The story is not without flaws.  For example, a man of the Maer's wealth hires a band scarcely less cohesive and coherent than Enid Blyton's famous five to root out a group of tax collector robbing bandits. Some critical reviews have mentioned Kvothe's impossible prowess in every field of human endeavour, including several bedrooms.  However, I am content to be shown the tale that Rothfuss wishes to tell and to experience and enjoy the skill of his storytelling.

It is, however, no surprise to hear that Rothfuss accidentally wrote a 20,000 word novella about one of the minor characters Auri.  Dare I suggest that Rothfuss's interest in the Worldbuilders charity may in some part stem from the realisation that turning our own world into a significantly better place could be a more manageable task than wrestling the tale of Kvothe to a satisfactory conclusion in under 1000 pages.

However, I still await the next instalment with interest, for above all else I want the answer to that central (seven word!) question.

What happened to the red headed innkeeper?

Sunday, 15 June 2014

A Cover for Master of the Planes and links to short stories

I took a bit of a break from writing Master of the Planes (I'm at the 120,000 word point, so I reckoned I might have earned a break).  Instead I worked with the wonderful designer Paganus, who I met through the 99designs website to come up with the cover for the book.  As you can see it is a splendid design, beautifully rendered and a great encouragement to me to get on apace with the writing of it

One thing I am conscious of in my books is I have explicitly tried to have several significant female leading characters.  In particular there are four female characters who top the tables in terms of "time on camera" and numbers of scenes written from their points of view.

I wanted that pre-eminence to be reflected in the covers of the books.

  • Niarmit, the eponymous Lady of the Helm, took pride of place on the cover of book one.
  • Dema strutted her stuff on the cover of Wrath of the Medusa.
  • That left two more women to share the limelight on the last book.

I know that some readers dislike seeing characters faces drawn on  book covers.  They feel it spoils their imagining of how the characters look when they see someone else's depiction of them.  However, I felt that the mysterious hooded man or hooded woman concept had been rather done to death and I have to say, Paganus has captured the latest two exactly as I imagined them.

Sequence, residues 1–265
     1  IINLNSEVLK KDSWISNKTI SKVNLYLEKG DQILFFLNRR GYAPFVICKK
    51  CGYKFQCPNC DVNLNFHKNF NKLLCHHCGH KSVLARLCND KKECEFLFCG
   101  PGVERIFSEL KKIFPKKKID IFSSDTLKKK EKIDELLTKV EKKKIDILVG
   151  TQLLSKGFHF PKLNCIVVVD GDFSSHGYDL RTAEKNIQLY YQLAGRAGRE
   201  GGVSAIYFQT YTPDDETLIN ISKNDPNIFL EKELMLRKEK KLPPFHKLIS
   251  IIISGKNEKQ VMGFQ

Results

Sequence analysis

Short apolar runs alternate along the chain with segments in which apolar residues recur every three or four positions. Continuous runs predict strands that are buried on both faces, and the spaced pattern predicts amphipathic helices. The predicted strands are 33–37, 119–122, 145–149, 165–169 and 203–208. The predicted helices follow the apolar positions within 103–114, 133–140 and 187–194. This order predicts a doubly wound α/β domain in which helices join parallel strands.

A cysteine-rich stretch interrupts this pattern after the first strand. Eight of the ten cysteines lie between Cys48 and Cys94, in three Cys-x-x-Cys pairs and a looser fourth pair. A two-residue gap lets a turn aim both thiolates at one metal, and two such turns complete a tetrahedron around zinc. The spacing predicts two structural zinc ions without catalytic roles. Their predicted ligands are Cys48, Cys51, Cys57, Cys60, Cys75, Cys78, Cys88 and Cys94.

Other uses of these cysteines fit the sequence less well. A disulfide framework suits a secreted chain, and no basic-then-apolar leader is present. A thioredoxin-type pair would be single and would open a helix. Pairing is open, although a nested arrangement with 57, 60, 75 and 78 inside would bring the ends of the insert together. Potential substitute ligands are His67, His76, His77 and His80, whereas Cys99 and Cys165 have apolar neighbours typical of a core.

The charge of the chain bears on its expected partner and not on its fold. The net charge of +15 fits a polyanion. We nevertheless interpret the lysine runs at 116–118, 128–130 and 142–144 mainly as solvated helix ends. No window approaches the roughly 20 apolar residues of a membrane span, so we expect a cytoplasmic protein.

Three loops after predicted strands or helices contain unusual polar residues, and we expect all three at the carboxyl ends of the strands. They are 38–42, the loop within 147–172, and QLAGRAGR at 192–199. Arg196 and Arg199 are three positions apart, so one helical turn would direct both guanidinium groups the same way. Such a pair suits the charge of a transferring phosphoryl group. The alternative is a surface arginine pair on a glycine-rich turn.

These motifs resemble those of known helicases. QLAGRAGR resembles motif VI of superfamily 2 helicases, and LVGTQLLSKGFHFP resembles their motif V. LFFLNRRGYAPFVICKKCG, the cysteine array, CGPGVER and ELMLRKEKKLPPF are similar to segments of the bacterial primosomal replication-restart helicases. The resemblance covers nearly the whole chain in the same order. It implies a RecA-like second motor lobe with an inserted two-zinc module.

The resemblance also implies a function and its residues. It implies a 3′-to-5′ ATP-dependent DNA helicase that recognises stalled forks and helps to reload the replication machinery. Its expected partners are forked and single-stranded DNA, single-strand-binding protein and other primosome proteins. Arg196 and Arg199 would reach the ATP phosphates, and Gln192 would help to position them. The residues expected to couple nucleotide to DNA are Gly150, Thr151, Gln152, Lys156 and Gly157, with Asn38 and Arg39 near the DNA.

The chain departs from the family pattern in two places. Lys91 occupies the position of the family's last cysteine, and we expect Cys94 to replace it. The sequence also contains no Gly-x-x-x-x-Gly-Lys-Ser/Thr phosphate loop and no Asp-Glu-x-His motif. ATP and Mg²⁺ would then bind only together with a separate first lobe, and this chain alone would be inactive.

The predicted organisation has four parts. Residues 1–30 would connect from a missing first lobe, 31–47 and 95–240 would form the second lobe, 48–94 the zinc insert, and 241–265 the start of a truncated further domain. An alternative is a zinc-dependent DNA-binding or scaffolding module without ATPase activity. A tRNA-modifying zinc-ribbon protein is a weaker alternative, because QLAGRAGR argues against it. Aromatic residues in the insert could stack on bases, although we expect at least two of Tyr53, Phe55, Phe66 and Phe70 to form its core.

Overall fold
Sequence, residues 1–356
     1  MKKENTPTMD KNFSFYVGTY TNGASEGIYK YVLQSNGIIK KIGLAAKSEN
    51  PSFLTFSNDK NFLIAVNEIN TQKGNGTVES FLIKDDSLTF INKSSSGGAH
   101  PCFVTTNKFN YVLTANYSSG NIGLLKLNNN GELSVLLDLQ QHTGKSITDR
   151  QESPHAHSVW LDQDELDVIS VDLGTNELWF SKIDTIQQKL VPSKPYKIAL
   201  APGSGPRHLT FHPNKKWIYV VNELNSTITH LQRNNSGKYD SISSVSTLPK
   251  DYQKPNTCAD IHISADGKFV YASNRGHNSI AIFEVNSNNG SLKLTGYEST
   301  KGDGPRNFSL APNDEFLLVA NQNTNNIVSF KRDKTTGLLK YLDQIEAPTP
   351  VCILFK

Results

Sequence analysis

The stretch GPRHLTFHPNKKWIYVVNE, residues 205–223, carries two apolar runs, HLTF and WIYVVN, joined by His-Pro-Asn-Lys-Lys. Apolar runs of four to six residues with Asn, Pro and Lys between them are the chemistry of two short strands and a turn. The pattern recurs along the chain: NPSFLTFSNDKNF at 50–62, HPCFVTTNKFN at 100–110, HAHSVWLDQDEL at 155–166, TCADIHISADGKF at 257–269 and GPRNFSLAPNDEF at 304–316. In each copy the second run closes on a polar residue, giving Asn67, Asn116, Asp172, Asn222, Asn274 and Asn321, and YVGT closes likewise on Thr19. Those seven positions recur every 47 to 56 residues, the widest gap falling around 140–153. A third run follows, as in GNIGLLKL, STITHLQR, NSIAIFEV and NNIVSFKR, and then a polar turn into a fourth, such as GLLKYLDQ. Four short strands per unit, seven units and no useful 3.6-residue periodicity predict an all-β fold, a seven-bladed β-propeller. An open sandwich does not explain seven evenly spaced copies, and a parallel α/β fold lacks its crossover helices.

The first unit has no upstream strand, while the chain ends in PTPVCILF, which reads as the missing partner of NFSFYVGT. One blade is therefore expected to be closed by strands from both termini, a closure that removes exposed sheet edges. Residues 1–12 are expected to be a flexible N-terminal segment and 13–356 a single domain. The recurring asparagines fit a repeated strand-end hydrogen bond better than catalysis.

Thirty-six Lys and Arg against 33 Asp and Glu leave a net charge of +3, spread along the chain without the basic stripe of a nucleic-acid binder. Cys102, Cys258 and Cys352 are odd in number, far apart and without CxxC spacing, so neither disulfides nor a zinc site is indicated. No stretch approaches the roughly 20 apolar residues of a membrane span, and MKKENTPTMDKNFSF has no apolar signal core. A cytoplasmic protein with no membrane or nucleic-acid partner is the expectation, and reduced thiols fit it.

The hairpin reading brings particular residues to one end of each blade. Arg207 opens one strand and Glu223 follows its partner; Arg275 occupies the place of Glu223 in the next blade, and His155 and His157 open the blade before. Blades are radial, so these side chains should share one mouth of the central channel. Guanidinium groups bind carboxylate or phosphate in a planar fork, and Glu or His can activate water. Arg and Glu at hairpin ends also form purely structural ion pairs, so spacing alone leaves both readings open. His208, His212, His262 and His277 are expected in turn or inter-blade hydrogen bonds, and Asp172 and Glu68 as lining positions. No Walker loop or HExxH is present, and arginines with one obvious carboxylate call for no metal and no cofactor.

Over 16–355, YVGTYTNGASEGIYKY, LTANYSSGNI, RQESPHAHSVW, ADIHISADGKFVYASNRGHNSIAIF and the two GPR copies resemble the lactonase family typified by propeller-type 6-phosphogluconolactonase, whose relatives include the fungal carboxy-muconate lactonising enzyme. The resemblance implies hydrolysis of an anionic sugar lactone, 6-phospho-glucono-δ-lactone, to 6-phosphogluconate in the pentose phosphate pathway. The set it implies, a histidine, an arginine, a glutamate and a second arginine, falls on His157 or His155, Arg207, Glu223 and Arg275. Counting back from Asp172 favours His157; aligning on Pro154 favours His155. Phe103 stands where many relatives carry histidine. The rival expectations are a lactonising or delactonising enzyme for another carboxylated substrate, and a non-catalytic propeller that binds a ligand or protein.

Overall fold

I hope the cover will pique some people's curiosity.  I am straining to get book 3 finished by August, with probably editing and release date by October.  But it is already nearly as long as Lady of the Helm and I am still embroiled in part three of five.  

In the meantime I have continued to use the inspiring fantasy-faction short story competitions to come up with prequel short stories for the characters of the bloodline trilogy.  As set out below.

"The Battle of Bledrag Field," where Matteus and Niarmit stood against the invaders,

 "A New Start," where Kaylan met Niarmit

"Desperation,"  a pivotal moment in Chirard's kinslaying wars 

"The Little Wizard's Folly," Dema and Odestus meet some new exiles

"The Dark Lord Returns," There are other worlds that Maelgrum has enslaved

"It is Taboo,"  A Dema origins story

There are also a couple of other short stories that are not Bloodline Trilogy related

"The Road to Arrow," a fanfic homage to the moral free id that is Mark Lawrence's Jorg Honorius Ancrath (Prince of Thorns, King of Thorns, Emperor of Thorns)

"Witness Lynn" - a futuristic story featuring a woman called Lynn who cannot lie

Sunday, 8 June 2014

Happy Self-Publishing Birthday to Me

I started this self-publishing adventure on 11th June 2013 when Lady of the Helm took its place on the electronic shelves of Amazon's KDP select programme.  As that anniversary approaches, it seems like a good point at which to reflect on what I have learned and how.

But let's start with what you are all interested in.  What are the figures?


Well, Lady of the Helm was joined by book 2 of the trilogy Wrath of the Medusa on 13th December 2013.  Grand sales of both books currently come to 1205 units made up of 1019 Lady of the Helm and 186 Wrath of the Medusa.  In addition there were 264 Lady of the Helms downloaded for free as part of a KDP promotion and there have been about a dozen "borrows" of the books in total, which paradoxically earn me more than a sale does given where I have priced the books.

It will surprise few who know me well to discover that there is a spreadsheet of the sales figures on a monthly basis, with different lines on the graph for the different markets that Amazon operate in.